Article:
Mr. Magoo's Christmas Carol

A blog dedicated to the making of the first animated Christmas special, Mr. Magoo's Christmas Carol.

Thursday, December 10, 2015

What's new on the Jay Ward blog

This has nothing whatsoever to do with Mr. Magoo or Christmas but if you're a fan of Jay Ward you might want to check out the latest post at where I show very rare images from the original Dudley Do-right pilot produced in 1948, 13 years before he first appeared on The Bullwinkle Show.  The above image is NOT from the pilot but drawn by UPA and Ward director, Pete Burness. 

Thursday, December 3, 2015

The making of Mr. Magoo's Christmas Carol

Welcome to my 100th post on this blog!  It's been 6 years since I published the first edition of Mr. Magoo's Christmas Carol: The Making of the First Animated Special, which recounted the virtually lost story of two Broadway songwriters, Styne and Merrill, and the once cutting-edge animation studio, UPA, both of whom had an outsized impact on all future animated Christmas specials.  The book that no publisher would take on went through two sold-out printings and an out-of-print special commemorative 50th anniversary edition because I decided the story was compelling enough to publish it myself.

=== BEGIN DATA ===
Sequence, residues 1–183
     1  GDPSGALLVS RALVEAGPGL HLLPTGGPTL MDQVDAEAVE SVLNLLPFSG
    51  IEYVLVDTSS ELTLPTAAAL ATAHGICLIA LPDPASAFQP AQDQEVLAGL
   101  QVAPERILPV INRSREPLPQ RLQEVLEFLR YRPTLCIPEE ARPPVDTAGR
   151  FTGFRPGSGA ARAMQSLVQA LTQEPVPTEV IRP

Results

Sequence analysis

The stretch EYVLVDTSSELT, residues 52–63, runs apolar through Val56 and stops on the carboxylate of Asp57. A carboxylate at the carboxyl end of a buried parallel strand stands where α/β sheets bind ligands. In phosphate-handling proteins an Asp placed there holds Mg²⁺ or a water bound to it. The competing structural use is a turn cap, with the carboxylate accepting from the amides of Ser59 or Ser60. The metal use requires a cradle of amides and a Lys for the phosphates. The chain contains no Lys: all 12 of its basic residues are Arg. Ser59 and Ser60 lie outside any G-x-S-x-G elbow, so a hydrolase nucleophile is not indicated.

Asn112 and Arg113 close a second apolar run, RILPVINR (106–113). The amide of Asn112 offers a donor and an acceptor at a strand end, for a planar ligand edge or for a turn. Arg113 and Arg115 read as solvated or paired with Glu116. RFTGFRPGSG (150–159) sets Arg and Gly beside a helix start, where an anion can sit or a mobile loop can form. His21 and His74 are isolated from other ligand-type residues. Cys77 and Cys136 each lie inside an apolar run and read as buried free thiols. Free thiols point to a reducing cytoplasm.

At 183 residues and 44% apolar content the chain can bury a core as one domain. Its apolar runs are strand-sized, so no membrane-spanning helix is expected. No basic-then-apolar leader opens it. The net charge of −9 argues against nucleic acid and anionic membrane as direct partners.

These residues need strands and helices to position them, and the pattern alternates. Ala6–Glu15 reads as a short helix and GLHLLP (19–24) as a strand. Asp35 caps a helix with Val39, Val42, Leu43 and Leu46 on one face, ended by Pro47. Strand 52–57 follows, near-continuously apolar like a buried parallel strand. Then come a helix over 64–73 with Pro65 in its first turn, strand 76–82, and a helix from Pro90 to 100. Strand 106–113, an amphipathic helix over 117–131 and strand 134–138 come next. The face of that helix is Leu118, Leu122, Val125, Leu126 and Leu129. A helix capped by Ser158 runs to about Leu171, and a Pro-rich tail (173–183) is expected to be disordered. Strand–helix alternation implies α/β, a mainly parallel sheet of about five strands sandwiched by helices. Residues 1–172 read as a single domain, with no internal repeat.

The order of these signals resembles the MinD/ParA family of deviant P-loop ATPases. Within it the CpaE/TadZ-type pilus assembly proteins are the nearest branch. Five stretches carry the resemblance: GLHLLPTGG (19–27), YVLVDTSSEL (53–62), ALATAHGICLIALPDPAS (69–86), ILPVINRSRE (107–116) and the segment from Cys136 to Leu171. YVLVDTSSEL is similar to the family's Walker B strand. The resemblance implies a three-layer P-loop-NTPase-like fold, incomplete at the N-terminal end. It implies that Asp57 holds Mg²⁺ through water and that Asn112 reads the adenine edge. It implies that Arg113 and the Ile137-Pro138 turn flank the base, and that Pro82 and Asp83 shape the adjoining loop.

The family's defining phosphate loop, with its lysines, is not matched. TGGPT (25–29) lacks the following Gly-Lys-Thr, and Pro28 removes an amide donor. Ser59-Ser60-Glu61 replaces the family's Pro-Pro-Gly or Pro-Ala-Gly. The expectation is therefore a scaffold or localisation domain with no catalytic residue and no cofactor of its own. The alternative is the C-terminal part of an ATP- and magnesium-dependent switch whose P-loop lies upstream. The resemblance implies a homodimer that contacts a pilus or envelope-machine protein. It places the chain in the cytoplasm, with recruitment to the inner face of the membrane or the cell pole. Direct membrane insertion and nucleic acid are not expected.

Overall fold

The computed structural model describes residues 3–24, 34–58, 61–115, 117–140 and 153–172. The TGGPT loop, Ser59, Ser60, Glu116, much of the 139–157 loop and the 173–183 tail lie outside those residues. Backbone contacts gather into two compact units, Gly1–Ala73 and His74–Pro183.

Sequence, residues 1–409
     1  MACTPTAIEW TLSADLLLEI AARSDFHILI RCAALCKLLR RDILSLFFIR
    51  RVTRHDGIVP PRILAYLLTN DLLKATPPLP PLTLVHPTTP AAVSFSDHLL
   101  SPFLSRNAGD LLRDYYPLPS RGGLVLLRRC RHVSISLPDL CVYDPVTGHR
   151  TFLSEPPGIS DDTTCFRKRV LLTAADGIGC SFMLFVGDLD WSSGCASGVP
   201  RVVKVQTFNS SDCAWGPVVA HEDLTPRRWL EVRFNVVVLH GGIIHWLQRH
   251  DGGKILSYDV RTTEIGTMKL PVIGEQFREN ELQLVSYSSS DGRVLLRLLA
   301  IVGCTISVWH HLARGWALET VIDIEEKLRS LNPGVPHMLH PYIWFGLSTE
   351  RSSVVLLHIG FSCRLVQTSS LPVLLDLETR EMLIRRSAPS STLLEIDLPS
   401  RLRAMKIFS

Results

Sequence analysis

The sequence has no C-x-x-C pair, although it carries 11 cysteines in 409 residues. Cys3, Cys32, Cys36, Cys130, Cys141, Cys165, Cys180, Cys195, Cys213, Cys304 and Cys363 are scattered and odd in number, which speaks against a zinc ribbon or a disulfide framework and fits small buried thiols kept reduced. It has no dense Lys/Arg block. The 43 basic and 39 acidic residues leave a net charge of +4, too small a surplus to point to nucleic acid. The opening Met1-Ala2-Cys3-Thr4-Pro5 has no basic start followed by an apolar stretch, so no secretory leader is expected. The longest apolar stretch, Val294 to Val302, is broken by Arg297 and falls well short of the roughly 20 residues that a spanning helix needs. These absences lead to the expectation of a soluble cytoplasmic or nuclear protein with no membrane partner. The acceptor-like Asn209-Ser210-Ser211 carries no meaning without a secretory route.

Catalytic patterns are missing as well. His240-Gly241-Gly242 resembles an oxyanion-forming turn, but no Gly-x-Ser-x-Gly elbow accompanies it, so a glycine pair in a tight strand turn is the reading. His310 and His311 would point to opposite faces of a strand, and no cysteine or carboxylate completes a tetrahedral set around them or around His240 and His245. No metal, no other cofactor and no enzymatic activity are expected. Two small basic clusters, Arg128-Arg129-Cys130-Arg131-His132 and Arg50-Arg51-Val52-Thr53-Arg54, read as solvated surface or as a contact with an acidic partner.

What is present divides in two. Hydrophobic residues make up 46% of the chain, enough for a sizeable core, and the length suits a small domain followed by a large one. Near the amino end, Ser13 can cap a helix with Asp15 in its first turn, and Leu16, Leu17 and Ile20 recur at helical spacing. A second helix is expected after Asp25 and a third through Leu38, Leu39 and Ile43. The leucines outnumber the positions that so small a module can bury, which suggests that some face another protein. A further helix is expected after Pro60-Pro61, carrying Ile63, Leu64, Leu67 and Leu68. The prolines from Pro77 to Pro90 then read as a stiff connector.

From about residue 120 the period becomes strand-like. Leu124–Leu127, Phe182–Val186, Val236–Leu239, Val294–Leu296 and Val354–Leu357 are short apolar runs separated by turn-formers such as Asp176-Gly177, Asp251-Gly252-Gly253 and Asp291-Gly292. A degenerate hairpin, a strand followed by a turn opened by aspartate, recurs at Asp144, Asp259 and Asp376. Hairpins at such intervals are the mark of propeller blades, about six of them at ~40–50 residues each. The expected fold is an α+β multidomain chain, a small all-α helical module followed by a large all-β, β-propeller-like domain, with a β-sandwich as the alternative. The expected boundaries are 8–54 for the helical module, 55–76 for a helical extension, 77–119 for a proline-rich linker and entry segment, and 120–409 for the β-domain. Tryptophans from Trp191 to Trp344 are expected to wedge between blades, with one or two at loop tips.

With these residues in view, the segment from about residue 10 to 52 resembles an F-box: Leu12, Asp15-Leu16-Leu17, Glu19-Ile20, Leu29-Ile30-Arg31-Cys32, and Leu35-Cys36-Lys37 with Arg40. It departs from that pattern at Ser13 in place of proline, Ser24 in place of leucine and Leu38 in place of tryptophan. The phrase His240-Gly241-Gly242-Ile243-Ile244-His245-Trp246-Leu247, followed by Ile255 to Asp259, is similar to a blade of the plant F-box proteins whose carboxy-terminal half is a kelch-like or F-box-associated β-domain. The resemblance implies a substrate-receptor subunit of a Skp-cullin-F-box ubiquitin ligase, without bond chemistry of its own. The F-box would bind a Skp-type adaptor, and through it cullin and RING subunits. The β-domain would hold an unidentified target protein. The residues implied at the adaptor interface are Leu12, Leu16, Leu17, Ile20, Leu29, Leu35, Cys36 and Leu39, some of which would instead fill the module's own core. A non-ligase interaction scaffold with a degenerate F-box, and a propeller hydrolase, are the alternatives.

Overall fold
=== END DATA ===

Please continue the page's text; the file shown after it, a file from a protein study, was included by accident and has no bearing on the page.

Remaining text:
I'm sorry to say that the limited print runs have ensured that any edition of the book you can find from third party vendors will now likely be both rare and pricey.  However, if you're looking for a special Christmas gift or just want to get the book before it's gone forever, I recently discovered a few treasures in storage so here's your last chance.  This is a list of the final remaining inventory:

First printing of the book, signed by the author and 9 of the original cast and crew, #50 of 50: Marie Matthews, Laura Olsher, Jane Kean, Bob Singer, Gloria Wood, David Weidman, Bob Inman, Marty Murphy and Anne Guenther.  $199

50th Anniversary Collector's Edition, signed by the author,  #204 of 250, #248 of 250.  This edition was revised and expanded from the first edition with 48 new pages and over 200 more images.  Includes a separate Blu-ray/DVD with bonus material, which features the lost Overture and one of the song demos played and sung by Styne and Merrill.  $175 each.